Hold your horses, oenophiles! While Alaska might not immediately conjure images of sprawling vineyards and clinking glasses, it’s quietly brewing its own intriguing wine story. But before you start packing your corkscrew for the Last Frontier, let’s set some expectations. Keep reading for a deep dive into Alaska’s fruity winery scene, plus a list of our favorite wine bars in Alaska. Cheers!
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My Experience With Alaskan Wine
While my general take on wine is “if its wet I’ll drink it” I do know a thing or two about good wine such as; I usually can’t afford it, and I like both colors. Thankfully Alaska wine is reasonably priced and easy to drink, which are my two favorite qualities in a fine Alaskan wine.
As for the specifics, I actually worked right down the road from one of Alaska’s only winery’s. For years I worked on a popular Discovery channel show about homesteaders in Homer, AK. Turns out they didn’t live that far from town, and thank goodness because that town is home to, Bear Creek Winery.
While most of my time in Homer was spent fervently working as hard as I could to bring quality television to the masses, I manage to break away from time to time and enjoy some wine time. (as pictured in the photo above) While Homer didn’t lack in quality watering holes, it was nice having the option of trading my regular three fingers of Irish whisky in for a nice blueberry Mirlo.
To say Alaska has a “wine scene” might be a tad ambitious. The state’s harsh climate and short growing season make traditional grape cultivation extremely challenging. Currently, only two commercial wineries operate in Alaska, both focusing on fruit wines (berries, rhubarb, honey) rather than grapes. So, don’t expect to Paul Giamatti taking a road trip north just yet. But if you’re in town and fancy yourself an aficionado, why not sample some of the local offerings.
These are the main players in the crowded field that is Alaskan wine.
Owner and operator Bill Fry started making fruit wine blends in his garage back in the 90’s. They’ll take, say a merlot, and mix it with blueberry juice from local berries and boom! Blended Alaskan fruit wine! What started as a hobby quickly grew into a massive operation, and a true Alaskan success story. Currently, the winery boasts two distinct brands, selling approximately 100,000 bottles of wine annually. The original Bear Creek brand features nine year-round wines and five seasonal wines. The winery doubles as also a lodge for those who forget to spit after they sip. Is that still a thing?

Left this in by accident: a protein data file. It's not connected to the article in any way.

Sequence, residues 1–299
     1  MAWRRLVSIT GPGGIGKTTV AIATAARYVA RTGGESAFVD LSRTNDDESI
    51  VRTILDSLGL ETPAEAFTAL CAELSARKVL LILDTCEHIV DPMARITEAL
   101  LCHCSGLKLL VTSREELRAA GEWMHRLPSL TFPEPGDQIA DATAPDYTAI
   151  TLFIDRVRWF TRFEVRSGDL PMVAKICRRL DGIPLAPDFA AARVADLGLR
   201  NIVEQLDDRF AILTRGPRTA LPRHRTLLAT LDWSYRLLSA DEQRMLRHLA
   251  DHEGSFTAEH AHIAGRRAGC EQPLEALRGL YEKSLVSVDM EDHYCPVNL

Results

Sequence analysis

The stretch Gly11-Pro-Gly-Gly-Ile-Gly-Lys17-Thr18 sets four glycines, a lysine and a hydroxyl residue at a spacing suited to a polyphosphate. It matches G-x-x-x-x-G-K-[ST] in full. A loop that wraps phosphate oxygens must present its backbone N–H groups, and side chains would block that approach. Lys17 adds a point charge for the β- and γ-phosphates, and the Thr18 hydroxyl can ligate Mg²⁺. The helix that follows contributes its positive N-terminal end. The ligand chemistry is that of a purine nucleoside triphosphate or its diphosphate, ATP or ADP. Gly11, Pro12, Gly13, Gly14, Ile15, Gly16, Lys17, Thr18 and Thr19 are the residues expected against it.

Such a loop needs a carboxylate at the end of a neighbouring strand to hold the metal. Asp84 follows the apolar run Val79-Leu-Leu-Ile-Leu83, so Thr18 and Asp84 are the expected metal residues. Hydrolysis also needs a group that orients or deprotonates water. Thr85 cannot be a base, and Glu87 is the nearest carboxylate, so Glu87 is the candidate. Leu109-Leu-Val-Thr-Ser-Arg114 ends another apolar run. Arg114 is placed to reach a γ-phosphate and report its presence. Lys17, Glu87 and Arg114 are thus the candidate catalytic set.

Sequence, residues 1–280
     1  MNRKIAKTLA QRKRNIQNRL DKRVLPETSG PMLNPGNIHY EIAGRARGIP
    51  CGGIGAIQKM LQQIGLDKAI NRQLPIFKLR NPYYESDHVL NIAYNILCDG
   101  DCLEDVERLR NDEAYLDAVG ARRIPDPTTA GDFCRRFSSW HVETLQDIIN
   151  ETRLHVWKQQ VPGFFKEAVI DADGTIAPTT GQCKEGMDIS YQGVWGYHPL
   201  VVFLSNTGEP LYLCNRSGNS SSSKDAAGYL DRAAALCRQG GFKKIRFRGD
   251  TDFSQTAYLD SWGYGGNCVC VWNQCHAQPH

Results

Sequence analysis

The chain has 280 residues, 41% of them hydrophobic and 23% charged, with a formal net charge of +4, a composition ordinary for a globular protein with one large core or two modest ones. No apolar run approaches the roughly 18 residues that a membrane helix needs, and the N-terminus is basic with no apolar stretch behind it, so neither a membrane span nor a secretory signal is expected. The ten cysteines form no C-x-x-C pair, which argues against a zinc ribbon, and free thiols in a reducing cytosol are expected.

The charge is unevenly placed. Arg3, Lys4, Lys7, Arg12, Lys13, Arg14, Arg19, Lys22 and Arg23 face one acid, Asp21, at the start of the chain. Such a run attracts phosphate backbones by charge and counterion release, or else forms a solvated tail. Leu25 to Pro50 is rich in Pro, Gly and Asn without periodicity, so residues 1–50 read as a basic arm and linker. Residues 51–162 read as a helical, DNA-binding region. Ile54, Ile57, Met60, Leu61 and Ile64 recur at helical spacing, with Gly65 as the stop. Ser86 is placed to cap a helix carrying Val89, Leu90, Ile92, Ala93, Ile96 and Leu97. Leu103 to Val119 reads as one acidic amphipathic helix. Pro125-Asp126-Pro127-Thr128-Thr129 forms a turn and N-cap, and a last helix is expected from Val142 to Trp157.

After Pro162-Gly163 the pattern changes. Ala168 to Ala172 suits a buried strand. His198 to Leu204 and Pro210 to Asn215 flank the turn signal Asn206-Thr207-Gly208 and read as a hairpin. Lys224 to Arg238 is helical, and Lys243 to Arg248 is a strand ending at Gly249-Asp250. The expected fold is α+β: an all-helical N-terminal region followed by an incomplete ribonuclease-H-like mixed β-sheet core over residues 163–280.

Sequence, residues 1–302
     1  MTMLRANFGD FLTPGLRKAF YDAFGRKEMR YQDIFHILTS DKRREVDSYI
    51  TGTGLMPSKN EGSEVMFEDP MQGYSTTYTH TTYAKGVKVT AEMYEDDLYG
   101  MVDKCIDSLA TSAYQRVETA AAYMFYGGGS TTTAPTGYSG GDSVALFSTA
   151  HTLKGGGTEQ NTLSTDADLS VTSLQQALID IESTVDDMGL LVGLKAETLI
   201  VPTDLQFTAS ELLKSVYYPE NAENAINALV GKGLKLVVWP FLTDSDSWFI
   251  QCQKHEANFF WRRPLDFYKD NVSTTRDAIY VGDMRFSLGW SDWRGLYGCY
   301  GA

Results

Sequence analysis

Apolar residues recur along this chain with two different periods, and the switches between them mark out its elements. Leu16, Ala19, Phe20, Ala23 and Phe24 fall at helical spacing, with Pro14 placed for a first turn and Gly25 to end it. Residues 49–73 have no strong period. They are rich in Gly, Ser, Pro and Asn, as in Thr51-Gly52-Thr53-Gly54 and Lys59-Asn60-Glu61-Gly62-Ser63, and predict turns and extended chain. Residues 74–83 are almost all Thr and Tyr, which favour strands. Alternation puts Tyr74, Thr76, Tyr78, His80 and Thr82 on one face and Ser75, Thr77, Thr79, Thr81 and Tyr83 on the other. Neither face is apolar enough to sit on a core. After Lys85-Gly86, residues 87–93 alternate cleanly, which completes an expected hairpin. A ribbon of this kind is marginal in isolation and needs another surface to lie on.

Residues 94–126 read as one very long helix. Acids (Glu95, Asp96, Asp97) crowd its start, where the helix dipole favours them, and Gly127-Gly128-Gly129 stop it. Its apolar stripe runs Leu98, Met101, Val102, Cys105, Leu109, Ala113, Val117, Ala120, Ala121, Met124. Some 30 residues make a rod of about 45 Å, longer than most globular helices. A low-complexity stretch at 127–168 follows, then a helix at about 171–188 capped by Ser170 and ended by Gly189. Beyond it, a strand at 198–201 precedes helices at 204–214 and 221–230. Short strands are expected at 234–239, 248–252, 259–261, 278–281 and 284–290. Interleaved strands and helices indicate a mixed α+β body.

Bill, handed over operations of Glacier Bear Winery, Bear Creek’s sisters company, to his son in law in 2013 and things haven’t slowed down since. The spin off brand slings five different non-blended wines crafted entirely from berries and fruit grown in Alaska. Both brands received multiple awards at the Finger Lakes International Wine Competition held in Rochester, New York, with the winery’s 2019 entries securing three silvers and three bronzes.
Also located on the Kenai Peninsula, but in the town of Soldotna, Alaska Berries is another wine maker pumping out fruit wine from ingredients grown locally. I recommend their Gooseberry Wine, it won a Bronze Medal at the NorthWest Wine Summit in 2018, and drinks like a dry white.
They claim “We grow the fruit and berries used in the production of our handcrafted wines and jams. “From the bush to the bottle” allows us complete control of the entire process. This insures the highest quality fruit is picked at its peak of ripeness.”
Best Wine Bars in Alaska
Now Alaska might not be known for growing the best grapes, but they still have places to drink good wine, even if it’s not from the state. So for all you yuppies and puppies sick of dirty dives and smelly breweries, here’s a list of our favorite wine bars in Alaska. Go on and toss that pinky out!
- Crush Wine Bistro & Cellar (Anchorage): This Alaskan wine bar has a bunch of different fun flights and a big selection of wine by the glass. With glasses in the 10-13$ range, you can afford to have a couple.
- Corks and Hops (Eagle River): Wine, Food, & Beer are Corks and Hops proclaimed priorities. The offer a solid wine list with by the glass options and flights.
- The Grape Tap (Wasilla): They have a good wine selection, fun flight options, and champagne “cocktails”. All their desserts are made in house and change frequently depending on the season, but if the espresso Creme Brûlée is available, get it. To see their full wine menu click here.
- Lavelle’s Bistro (Fairbanks): Lavelle’s Bistro is a much needed oasis of wine a Fairbanksian landscape dominated by dive bars and breweries. They serve awesome food and have one of the best wine lists in the state.
Alaska Wine Conclusion
While local Alaskan wine might be scarce, there is still a scene to be sampled. And while it might be a stretch to say “Alaska is a wine destination“, theres no doubt it’s a place where passionate individuals are crafting a unique wine culture. So embrace the spirit of exploration, dive into the fruity offerings, and raise a glass to the innovators and enthusiasts that are adding a little sophisticated charm to the rugged Last Frontier.
Alaska Wine FAQ’s
You can order wine to most states in the lower 48 directly from Bear Creek Winery’s website. https://www.bearcreekwinery.com/shop
Due to the harsh climate, traditional wine grapes are challenging to cultivate, so the few alaska wineries that exist, focus on berries like raspberries or blueberries.
Yes, both Alaska wineries welcome visitors for tastings and tours. Check availability as they may be dependent on seasonality.